2 articles published in JoVE
Measuring and Interpreting Oxygen Consumption Rates in Whole Fly Head Segments Louisa Jutta Dietz1, Anuroop Venkateswaran Venkatasubramani1, Annika Müller-Eigner2, Martin Hrabe de Angelis3,4,5, Axel Imhof1, Lore Becker3, Shahaf Peleg2,6,7 1Munich Center of Integrated Protein Science and Biomedical Center, Ludwig-Maximilians University of Munich, 2Laboratory for Metabolism and Epigenetics in Aging, Leibniz Institute for Farm Animal Biology (FBN), 3German Mouse Clinic, Helmholtz Zentrum Munich, German Research Center for Environment and Health (GmbH), 4German Center for Diabetes Research (DZD), 5Chair of Experimental Genetics, School of Life Science Weihenstephan, Technische Universität München, 6Laboratory for Metabolism and Epigenetics in Brain Aging, Institute of Neuroregeneration & Neurorehabilitation of Qingdao University, 7Molecular Biology Division, Biomedical Center, Faculty of Medicine, Ludwig-Maximilians University of Munich Measuring alterations in metabolic rates is central to understanding the progression of various diseases and aging. Here, we present a novel technique to measure whole head oxygen consumption that more closely resembles the physiological state and may aid in revealing novel drugs that modify mitochondrial activity.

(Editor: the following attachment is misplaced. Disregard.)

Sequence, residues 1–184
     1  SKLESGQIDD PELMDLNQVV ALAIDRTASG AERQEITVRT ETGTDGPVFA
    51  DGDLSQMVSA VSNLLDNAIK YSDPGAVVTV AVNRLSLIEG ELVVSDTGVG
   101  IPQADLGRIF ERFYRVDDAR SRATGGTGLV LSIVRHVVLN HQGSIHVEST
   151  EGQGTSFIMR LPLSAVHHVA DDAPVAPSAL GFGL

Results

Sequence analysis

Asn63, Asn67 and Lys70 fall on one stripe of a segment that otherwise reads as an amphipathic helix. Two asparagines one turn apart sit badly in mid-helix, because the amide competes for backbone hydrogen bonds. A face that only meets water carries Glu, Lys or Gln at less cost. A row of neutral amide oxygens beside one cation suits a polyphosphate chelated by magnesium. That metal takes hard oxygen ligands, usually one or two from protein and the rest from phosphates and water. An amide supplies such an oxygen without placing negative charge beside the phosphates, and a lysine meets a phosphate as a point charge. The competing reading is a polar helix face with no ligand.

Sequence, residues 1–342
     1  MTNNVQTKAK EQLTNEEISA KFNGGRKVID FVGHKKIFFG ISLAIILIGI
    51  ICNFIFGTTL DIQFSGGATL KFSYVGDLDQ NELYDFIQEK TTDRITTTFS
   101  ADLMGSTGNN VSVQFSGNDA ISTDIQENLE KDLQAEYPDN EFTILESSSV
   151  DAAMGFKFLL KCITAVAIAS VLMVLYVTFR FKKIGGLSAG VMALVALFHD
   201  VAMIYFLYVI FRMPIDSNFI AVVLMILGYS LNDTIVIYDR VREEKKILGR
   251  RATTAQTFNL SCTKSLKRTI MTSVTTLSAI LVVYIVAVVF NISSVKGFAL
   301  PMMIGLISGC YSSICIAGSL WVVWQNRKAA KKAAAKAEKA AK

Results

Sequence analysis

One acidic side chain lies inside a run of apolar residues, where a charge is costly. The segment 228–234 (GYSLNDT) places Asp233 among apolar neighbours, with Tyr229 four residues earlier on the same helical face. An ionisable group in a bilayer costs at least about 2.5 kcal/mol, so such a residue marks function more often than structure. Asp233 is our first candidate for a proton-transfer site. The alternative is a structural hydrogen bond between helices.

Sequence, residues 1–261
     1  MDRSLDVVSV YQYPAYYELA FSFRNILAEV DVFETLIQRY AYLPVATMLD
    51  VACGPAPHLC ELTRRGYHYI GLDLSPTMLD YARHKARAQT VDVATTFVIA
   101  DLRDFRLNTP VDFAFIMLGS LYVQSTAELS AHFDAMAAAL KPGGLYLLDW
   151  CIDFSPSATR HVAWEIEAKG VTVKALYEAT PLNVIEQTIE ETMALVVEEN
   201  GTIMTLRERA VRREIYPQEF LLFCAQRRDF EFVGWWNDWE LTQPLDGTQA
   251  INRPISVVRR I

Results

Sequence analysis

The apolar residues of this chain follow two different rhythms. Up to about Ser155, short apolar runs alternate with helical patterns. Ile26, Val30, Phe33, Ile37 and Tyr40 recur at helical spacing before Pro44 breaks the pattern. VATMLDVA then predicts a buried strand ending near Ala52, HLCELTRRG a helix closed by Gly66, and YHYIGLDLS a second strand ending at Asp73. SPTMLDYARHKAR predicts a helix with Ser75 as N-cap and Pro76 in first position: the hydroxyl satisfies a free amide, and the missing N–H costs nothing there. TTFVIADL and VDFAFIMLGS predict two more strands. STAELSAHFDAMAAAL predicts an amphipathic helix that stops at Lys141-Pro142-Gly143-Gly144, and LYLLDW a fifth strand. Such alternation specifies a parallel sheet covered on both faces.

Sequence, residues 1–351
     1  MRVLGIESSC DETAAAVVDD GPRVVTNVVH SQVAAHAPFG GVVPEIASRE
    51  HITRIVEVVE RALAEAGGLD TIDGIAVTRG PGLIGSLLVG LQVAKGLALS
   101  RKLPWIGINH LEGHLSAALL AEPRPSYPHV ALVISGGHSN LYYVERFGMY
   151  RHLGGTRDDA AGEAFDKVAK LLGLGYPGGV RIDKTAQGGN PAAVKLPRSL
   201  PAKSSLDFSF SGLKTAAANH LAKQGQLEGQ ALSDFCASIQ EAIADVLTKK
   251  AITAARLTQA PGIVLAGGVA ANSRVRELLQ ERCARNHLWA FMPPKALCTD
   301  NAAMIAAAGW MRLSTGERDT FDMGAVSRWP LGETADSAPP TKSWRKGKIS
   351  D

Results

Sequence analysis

Plate-based Large-scale Cultivation of Caenorhabditis elegans: Sample Preparation for the Study of Metabolic Alterations in Diabetes Katharina Kohl1, Thomas Fleming2,3, Kübra Acunman1, Hans-Peter Hammes1,4, Michael Morcos*1, Andrea Schlotterer*1 15th Medical Department, Medical Faculty Mannheim, Heidelberg University, 2Department of Internal Medicine, Heidelberg University, 3German Center for Diabetes Research (DZD), 4European Center for Angioscience, Medical Faculty Mannheim, Heidelberg University This protocol describes a method for the large-scale cultivation of Caenorhabditis elegans on solid media. As an alternative to liquid culture, this protocol allows obtaining parameters of different scales under plate-based cultivation. This increases the comparability of results by omitting the morphological and metabolic differences between liquid and solid media culture.